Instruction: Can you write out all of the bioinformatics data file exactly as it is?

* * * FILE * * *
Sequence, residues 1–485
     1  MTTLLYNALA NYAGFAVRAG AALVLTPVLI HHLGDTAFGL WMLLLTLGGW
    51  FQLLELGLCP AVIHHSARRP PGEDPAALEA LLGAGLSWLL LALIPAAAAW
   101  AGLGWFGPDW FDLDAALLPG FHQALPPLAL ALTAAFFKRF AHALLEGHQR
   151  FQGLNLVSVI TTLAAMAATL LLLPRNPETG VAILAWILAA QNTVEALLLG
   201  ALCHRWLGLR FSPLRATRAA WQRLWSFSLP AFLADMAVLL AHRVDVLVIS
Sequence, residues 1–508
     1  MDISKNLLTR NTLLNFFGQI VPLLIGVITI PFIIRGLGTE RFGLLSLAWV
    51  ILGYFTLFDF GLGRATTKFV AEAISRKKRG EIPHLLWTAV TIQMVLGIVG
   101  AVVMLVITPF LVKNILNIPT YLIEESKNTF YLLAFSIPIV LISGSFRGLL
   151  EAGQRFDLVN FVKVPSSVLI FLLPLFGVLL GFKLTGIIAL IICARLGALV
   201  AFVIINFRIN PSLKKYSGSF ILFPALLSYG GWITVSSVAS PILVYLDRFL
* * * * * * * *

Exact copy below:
Sequence, residues 1–485
     1  MTTLLYNALA NYAGFAVRAG AALVLTPVLI HHLGDTAFGL WMLLLTLGGW
    51  FQLLELGLCP AVIHHSARRP PGEDPAALEA LLGAGLSWLL LALIPAAAAW
   101  AGLGWFGPDW FDLDAALLPG FHQALPPLAL ALTAAFFKRF AHALLEGHQR
   151  FQGLNLVSVI TTLAAMAATL LLLPRNPETG VAILAWILAA QNTVEALLLG
   201  ALCHRWLGLR FSPLRATRAA WQRLWSFSLP AFLADMAVLL AHRVDVLVIS
Sequence, residues 1–508
     1  MDISKNLLTR NTLLNFFGQI VPLLIGVITI PFIIRGLGTE RFGLLSLAWV
    51  ILGYFTLFDF GLGRATTKFV AEAISRKKRG EIPHLLWTAV TIQMVLGIVG
   101  AVVMLVITPF LVKNILNIPT YLIEESKNTF YLLAFSIPIV LISGSFRGLL
   151  EAGQRFDLVN FVKVPSSVLI FLLPLFGVLL GFKLTGIIAL IICARLGALV
   201  AFVIINFRIN PSLKKYSGSF ILFPALLSYG GWITVSSVAS PILVYLDRFL